Like a prehistoric behemoth reaching mud-stained claws to snatch errant hikers and shove them into its gaping maw, the uprooted tree made a menacing obstacle.
Who knew when it had toppled? Its exposed roots jutted toward the branch-strewn trail, and drying mud made the ground soft beneath our feet.
“I think we can get around it, just watch your step,” my husband said.
Edging forward, I said, “I’m sure glad I took that selfie before we started this hike.”
Derek paused and dropped the branch he’d been holding out of my way.
“You took a selfie? But I took a photo of you next to the sign at the trailhead.”
He’d told me to smile, but feeling contrary and eager to start the hike, I’d squinched my eyes shut and bared my teeth at him.
“Just think if we don’t make it out, that would have been the last photo our kids would have of their mom!”
I was teasing. Mostly. Our situation wasn’t dire, just a bit more challenging than we’d anticipated.
After 24 hours of luxuriating in the pools at Quinn’s Hot Springs and eating sumptuous food at the resort’s restaurant, Harwood House, we were ready to burn some calories and take in some Montana scenery that didn’t involve questionable choices in swimwear.
The sprawling Lolo National Forest offers plenty of hiking opportunities, including Iron Mountain Trail No. 242, just a few miles from Quinn’s.
It’s deemed a moderate trail, and we’re moderate hikers. The initial grade proved a bit steep, and there wasn’t much of a view at first – just lots of greenery and pretty wildflowers neither of us could identify.
“Uh oh!” Derek muttered.
We’d turned a bend and found the trail littered with rocks. Carefully, we picked our way across the shifting stones.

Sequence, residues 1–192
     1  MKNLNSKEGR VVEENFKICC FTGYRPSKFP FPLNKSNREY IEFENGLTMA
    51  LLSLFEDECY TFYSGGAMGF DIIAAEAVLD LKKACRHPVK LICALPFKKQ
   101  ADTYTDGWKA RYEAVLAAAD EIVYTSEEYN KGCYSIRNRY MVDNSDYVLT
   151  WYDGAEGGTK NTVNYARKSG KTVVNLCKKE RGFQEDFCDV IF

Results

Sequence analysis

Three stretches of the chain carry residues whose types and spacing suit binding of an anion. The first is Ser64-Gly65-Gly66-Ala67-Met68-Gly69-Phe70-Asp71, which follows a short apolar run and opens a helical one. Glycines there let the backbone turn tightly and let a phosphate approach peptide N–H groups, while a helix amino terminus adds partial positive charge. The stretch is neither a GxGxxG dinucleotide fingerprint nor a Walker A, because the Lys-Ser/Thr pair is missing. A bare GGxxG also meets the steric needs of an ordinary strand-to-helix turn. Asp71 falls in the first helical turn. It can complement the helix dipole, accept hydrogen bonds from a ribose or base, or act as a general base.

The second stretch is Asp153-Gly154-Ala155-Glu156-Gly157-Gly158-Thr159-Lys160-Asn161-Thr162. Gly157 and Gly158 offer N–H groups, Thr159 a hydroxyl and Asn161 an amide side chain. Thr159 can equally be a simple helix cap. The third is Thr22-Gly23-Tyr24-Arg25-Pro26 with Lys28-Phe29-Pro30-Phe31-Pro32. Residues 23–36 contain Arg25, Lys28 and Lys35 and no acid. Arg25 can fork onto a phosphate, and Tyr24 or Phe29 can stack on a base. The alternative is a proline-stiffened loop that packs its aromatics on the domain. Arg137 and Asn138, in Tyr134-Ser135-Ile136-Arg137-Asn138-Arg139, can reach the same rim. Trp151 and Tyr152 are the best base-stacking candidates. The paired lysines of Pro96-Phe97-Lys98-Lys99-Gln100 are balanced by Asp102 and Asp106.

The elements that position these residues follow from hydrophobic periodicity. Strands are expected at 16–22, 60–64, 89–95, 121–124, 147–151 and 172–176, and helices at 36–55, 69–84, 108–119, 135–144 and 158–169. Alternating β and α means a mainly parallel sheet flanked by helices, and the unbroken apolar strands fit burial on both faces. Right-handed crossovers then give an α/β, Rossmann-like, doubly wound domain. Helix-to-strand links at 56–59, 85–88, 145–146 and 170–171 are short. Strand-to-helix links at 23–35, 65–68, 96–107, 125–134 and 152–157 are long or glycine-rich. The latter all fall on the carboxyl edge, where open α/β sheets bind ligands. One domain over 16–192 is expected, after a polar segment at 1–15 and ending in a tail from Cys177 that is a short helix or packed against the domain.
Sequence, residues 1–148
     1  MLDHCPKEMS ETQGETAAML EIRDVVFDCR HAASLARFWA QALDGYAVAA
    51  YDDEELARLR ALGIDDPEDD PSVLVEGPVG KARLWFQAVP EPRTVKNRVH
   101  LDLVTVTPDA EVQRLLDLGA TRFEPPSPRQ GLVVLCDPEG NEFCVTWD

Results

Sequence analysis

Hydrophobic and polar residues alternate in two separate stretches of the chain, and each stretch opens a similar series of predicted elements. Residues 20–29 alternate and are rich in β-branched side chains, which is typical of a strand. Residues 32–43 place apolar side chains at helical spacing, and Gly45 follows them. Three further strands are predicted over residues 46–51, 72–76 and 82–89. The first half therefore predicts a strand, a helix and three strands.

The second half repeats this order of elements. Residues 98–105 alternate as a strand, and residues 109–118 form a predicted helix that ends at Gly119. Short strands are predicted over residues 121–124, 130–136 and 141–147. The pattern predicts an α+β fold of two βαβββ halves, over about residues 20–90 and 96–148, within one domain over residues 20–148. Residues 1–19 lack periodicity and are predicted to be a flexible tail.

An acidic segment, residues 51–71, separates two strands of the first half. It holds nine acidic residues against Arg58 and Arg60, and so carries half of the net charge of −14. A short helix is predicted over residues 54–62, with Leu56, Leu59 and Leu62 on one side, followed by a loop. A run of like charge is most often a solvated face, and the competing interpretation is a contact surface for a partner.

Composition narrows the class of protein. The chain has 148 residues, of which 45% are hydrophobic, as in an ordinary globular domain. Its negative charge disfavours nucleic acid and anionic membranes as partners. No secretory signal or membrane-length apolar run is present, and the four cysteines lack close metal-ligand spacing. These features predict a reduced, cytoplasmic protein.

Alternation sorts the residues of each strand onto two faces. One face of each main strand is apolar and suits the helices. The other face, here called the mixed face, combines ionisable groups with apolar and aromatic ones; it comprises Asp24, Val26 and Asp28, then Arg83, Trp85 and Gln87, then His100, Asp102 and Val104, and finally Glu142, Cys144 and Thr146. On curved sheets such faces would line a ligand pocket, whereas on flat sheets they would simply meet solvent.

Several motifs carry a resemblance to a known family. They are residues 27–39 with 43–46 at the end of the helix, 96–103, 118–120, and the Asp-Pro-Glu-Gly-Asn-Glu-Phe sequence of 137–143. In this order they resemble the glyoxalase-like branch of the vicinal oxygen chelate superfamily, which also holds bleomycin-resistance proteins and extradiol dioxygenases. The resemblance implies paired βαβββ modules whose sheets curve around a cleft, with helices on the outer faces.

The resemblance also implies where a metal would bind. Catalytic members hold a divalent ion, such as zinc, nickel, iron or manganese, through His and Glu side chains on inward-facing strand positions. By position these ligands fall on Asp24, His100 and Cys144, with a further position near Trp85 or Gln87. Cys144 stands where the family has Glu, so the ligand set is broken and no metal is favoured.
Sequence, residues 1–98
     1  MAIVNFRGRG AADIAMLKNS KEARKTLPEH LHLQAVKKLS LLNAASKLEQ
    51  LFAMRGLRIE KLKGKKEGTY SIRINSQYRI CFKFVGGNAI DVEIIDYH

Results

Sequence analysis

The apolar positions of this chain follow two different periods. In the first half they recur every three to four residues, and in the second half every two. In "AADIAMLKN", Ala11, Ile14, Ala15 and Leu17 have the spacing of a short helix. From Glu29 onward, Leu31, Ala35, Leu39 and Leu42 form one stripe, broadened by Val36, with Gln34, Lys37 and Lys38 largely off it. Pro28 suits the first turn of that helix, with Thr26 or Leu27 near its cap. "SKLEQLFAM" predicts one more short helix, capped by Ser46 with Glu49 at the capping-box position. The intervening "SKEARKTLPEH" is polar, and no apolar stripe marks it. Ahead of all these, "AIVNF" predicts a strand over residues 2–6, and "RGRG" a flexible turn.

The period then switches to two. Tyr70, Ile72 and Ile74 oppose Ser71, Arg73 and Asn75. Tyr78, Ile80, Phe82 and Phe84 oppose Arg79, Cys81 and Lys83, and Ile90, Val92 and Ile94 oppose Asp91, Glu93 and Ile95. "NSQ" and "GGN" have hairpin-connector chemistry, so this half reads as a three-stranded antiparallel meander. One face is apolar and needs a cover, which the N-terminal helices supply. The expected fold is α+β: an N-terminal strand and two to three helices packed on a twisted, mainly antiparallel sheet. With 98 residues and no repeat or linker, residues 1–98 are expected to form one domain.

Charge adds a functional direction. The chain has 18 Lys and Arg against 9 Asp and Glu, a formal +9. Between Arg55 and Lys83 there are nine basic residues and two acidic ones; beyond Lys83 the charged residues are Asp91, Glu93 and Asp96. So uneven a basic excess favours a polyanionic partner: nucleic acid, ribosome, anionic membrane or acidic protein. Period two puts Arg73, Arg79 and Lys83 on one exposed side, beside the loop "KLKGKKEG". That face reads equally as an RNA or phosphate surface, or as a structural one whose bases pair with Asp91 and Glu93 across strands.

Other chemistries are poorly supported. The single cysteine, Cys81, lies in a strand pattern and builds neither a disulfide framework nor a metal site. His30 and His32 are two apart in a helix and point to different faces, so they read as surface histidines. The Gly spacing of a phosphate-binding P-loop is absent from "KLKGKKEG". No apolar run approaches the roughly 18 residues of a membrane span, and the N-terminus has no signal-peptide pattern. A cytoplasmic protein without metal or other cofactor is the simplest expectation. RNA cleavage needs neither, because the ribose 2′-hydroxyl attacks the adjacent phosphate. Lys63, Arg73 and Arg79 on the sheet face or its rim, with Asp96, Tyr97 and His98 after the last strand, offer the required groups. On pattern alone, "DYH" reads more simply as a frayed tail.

Little rocks are more treacherous to footing than giant boulders. No one wants a romantic getaway to end with a sprained ankle or a trip to the emergency room.
Some enterprising individual had taken creative license with nature and stacked a small cairn near the overlook.
Onward and upward we pressed, and now the fallen tree and its detritus offered another possible roadblock.
“We could go back,” I said, doubtfully.
Derek surveyed the carnage.
“Nah, let’s at least try to get to the first viewpoint.”
So I carefully picked a path and he followed.
Minutes later, we reached the viewpoint and gazed down at the churning brownish waters of the Clark Fork River. Surrounded by mountains and pines, we wondered how our intrepid forebears had traversed the “road” with loaded wagons drawn by teams of horses or mules, hauling silver ore from the mine to the river far below.
Iron Mountain Road was in use until 1910, and must have originally been much wider than the trail we’d just traversed.
We could hear the distant hum of traffic on the highway hidden somewhere below us as we watched the river, swollen by recent rains, rolling in the distance. Pine branches danced in the slight breeze. A hawk wheeled silently in the sky above.
It felt good to take a break from watching our feet and watch Mother Nature instead.
The hike reminded me that it’s not always big obstacles that cause the most harm. Sometimes it’s the pesky little annoyances that trip me up and rob me of my equilibrium.
Because I work in a deadline-driven industry, I’m often guilty of keeping my head down, eyes on the project in front of me, only occasionally peering up to see what new task is around the bend.
That’s why it’s so important to sometimes simply stop. To rest. To take a deep breath, look up and enjoy the marvelous view.